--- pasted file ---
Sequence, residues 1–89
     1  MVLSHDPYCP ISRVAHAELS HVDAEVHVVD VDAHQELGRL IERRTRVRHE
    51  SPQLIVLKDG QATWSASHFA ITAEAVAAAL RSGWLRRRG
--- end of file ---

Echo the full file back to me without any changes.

Sequence, residues 1–89
     1  MVLSHDPYCP ISRVAHAELS HVDAEVHVVD VDAHQELGRL IERRTRVRHE
    51  SPQLIVLKDG QATWSASHFA ITAEAVAAAL RSGWLRRRG